Game Development Reference
In-Depth Information
Lovecraftian horror, madcap slapstick and Machiavellian intrigue. There have been
IF games where you play as animals, or as aliens, or even as babies. One of the great
things about IF is that you have the freedom to experiment.
As for how to dive in and start going about it, I'm a strong advocate for starting
with a mock transcript of what I imagine playing the game would look like when
it's finished. I imagine the actions that players will take, and I craft the responses to
them. This gives me a blueprint to follow when I start writing the code that will print
the right bits of text in the right places. I can then cut and paste the writing from
the mock transcript into the code, then play through it and see if the game's output
looks like the draft model. I usually find that I want a different flow than I planned
for and start breaking up the text in different ways, and of course there quickly come
all sorts of extra ideas for commands to enter, and fun responses to give to them, that
I didn't think of when I wrote the transcript.
And then there is the fun of finding all of the horrible ways your code is wonky
and doing something completely strange. During the process of coding and de-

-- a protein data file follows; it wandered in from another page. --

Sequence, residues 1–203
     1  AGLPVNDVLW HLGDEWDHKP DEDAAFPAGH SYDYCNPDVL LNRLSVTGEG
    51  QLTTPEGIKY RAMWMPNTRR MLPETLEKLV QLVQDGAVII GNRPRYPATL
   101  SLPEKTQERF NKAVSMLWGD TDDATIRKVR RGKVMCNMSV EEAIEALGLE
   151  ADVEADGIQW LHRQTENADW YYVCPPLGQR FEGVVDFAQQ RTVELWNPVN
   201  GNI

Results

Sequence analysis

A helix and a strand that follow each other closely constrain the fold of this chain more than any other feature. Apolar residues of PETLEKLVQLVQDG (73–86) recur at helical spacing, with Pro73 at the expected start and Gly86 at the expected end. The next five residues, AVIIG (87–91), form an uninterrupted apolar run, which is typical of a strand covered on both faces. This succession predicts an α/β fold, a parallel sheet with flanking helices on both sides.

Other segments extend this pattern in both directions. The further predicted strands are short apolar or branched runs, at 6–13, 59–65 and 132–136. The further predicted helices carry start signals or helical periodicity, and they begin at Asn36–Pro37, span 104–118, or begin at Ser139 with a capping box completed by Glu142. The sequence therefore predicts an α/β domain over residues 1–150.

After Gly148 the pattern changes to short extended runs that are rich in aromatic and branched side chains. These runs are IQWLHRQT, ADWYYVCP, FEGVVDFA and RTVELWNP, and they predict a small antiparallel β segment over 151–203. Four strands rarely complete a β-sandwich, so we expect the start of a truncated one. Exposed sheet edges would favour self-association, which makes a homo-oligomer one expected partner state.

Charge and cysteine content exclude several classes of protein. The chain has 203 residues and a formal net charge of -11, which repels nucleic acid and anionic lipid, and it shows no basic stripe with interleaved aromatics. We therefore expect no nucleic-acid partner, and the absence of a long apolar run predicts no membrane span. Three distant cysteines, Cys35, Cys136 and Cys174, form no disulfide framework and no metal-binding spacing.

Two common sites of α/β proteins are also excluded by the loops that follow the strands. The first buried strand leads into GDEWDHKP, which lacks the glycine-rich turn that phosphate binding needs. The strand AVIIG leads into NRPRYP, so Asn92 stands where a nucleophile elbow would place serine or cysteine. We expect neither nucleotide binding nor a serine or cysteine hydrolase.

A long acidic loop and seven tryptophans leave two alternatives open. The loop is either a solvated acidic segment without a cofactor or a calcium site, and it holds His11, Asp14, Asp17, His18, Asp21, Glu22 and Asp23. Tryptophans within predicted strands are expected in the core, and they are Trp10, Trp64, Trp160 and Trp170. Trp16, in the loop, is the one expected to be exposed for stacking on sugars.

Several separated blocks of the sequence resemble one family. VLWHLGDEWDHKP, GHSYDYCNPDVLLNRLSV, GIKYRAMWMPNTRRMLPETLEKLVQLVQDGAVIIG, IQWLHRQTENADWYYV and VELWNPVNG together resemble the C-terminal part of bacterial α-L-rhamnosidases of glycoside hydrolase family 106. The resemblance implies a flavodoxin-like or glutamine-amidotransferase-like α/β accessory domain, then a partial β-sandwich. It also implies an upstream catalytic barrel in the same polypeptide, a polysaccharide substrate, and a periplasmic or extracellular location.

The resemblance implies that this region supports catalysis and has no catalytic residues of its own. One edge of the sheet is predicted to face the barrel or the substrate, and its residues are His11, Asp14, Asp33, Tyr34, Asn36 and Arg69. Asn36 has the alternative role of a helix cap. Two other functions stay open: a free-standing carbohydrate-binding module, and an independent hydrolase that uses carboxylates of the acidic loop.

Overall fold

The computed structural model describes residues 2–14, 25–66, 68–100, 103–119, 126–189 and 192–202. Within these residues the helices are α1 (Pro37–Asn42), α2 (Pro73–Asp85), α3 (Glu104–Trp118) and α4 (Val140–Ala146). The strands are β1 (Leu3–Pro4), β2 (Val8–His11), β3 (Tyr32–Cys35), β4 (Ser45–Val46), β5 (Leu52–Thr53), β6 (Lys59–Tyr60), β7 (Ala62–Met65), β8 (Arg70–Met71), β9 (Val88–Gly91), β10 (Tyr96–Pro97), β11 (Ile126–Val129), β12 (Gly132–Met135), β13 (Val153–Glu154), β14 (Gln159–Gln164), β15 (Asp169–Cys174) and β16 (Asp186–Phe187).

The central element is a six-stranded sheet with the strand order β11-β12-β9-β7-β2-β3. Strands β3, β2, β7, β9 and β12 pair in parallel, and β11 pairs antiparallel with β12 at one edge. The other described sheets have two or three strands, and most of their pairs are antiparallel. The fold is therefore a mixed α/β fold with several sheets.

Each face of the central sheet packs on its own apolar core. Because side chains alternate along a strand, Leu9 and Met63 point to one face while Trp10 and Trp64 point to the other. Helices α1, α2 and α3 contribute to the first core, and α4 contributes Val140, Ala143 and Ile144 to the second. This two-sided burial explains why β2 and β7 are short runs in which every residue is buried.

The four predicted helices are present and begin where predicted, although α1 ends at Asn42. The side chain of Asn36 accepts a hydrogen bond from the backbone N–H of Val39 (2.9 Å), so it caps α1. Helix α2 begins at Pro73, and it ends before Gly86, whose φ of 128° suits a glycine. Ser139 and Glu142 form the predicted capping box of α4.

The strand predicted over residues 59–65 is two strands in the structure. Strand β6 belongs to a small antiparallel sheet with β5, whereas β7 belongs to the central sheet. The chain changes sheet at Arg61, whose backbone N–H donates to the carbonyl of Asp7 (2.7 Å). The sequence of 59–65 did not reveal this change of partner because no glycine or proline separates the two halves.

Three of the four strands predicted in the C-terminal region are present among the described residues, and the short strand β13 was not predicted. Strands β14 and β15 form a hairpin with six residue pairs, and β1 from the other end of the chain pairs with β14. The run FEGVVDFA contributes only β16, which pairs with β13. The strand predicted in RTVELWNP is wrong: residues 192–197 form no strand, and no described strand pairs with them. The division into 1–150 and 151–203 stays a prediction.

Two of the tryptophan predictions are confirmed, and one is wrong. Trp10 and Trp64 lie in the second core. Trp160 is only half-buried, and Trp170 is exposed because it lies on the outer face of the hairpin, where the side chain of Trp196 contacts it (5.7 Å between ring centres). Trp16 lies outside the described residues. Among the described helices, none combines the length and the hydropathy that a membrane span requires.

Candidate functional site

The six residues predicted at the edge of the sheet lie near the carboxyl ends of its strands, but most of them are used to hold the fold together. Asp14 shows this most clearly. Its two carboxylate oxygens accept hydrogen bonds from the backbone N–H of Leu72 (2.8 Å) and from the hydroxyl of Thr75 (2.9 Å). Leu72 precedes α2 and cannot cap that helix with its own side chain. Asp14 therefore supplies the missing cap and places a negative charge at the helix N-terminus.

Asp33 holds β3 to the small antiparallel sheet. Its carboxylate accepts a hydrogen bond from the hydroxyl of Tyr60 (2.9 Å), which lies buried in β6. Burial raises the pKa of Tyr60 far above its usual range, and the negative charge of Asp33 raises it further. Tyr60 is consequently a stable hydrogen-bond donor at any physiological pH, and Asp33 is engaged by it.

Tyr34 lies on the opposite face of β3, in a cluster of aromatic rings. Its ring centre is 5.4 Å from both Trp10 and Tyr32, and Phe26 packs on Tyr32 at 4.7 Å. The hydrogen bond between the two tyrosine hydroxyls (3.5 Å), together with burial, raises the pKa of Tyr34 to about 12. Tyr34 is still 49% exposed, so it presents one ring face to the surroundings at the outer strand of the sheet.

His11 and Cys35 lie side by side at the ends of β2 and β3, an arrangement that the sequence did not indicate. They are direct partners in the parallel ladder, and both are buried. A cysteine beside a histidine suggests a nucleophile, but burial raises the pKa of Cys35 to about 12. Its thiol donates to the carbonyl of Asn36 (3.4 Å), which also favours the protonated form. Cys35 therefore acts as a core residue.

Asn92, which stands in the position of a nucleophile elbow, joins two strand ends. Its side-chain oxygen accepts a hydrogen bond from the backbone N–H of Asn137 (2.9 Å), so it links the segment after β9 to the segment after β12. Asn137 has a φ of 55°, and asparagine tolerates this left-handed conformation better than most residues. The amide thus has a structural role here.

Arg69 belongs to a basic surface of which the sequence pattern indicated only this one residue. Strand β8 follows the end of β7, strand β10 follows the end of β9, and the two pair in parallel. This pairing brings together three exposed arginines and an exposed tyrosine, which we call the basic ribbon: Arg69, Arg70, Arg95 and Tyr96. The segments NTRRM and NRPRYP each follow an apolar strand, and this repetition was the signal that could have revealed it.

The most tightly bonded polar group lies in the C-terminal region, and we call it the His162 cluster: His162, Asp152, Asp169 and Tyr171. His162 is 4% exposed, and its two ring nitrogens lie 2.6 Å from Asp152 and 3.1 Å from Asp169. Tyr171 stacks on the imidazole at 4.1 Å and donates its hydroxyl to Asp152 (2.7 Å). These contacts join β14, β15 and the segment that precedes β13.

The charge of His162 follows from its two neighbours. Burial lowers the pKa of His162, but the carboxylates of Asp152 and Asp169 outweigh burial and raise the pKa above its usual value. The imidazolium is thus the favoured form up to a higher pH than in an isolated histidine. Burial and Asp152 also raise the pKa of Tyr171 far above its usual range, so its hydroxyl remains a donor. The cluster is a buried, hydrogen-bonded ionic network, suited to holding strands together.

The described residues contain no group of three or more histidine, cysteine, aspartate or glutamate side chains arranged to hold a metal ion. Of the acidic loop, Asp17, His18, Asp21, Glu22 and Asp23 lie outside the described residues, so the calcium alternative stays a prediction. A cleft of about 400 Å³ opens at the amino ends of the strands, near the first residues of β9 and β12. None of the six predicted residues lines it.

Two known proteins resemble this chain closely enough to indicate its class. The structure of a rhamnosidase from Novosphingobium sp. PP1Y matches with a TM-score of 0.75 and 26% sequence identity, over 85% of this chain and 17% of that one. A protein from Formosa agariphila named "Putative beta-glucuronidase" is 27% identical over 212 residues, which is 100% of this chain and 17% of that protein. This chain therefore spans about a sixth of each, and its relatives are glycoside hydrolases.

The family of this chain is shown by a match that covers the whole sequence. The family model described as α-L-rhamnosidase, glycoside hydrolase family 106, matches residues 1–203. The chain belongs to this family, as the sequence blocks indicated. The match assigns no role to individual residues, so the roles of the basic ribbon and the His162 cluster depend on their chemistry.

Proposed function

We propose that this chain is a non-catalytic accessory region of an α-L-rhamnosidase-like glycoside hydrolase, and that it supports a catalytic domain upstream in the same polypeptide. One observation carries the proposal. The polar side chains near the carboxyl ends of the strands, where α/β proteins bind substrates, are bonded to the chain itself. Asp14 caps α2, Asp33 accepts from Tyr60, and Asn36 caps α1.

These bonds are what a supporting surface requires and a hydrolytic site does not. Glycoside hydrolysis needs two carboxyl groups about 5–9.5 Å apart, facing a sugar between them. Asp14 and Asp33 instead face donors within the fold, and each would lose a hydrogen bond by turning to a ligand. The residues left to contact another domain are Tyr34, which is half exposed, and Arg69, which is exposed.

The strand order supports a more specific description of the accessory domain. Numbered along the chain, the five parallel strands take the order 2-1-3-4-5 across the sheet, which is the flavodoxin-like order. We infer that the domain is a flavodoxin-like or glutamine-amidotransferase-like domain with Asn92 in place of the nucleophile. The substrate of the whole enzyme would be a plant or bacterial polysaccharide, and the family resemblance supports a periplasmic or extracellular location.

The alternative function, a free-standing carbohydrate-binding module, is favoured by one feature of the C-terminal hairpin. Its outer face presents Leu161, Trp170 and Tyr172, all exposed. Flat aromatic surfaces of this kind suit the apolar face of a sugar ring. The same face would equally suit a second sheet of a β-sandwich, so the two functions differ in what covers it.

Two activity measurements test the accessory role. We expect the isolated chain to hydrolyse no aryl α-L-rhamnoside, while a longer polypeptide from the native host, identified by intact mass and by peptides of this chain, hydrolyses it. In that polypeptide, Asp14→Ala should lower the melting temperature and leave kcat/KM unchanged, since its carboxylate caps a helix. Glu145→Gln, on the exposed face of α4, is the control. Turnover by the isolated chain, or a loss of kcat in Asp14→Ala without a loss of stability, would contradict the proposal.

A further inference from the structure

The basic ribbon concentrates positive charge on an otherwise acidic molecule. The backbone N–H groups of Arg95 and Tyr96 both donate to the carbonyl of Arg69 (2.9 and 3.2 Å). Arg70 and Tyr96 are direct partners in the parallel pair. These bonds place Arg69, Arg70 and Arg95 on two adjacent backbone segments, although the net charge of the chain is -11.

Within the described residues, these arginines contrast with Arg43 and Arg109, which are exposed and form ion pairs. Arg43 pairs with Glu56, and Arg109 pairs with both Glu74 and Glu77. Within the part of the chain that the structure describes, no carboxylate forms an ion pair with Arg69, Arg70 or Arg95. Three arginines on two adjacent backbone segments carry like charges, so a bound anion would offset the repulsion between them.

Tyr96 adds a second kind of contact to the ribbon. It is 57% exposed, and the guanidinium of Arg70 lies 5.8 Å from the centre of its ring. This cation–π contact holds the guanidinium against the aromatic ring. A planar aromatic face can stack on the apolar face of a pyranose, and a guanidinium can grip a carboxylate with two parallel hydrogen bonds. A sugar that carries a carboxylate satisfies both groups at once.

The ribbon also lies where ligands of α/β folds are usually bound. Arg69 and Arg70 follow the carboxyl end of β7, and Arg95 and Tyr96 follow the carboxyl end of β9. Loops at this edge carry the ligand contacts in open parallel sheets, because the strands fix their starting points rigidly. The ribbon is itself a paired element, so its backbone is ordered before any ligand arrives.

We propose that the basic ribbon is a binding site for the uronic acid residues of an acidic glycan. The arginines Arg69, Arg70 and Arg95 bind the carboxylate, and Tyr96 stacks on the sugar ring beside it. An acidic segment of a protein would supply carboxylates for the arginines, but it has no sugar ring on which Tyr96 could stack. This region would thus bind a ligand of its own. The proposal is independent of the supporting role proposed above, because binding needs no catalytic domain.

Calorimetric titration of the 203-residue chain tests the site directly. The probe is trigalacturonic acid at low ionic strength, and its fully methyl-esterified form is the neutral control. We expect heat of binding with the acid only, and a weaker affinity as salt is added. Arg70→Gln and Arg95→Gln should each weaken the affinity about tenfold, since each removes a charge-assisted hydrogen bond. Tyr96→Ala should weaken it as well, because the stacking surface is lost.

bugging, you often feel like you're playing a meta IF game, trying to solve puzzles
of your own design. Rather than wondering, “How do I get that locked door to
open?” you lie awake wondering, “How do I write the code to make that locked
door tricky to open?” Long walks and deep ruminations in the shower become the
places where the “Aha!” solutions to programming problems come to you, just like
the way people remember solving the more devious puzzles of Zork II , Planetfall ,and
Trinity .
19.9 The IF Community and Its Resources
The best part about writing IF is the tremendous resource that the IF community
represents. It is an active network of authors with years of collective experience trying
to work out how to do probably the very things you're attempting to figure out. If
you've made a good-faith effort to work it out on your own, presenting the case to
the newsgroup and asking for help will always get prompt and thoughtful responses.
Before you start writing, though, you might want to start playing. Just like people
who want to become screenwriters are always told to watch a lot of movies and read
a lot of scripts, you should start by playing a lot of IF games and reading a lot of IF
source code. The IF Archive ( http://www.ifarchive.org/ ) has piles and piles of freely
available source code to look through, which will often show you how someone else
went about getting a similar effect.
Most important of all, though, are the freely available games. There are so many
of them, in fact, that there are now a number of resources devoted to helping you
sort through them and find the best ones. The IF Archive itself is just that—a rather
dense library whose stacks you can get lost in without some sort of guide. That's
where Baf 's Guide to the IF Archive ( http://wurb.com/if/ ) comes in. Eventually,
people built more tools that interfaced with the guide, creating the IF Ratings site,
the IF Wiki, and the IFDB. (See Appendix G for these and other links.)
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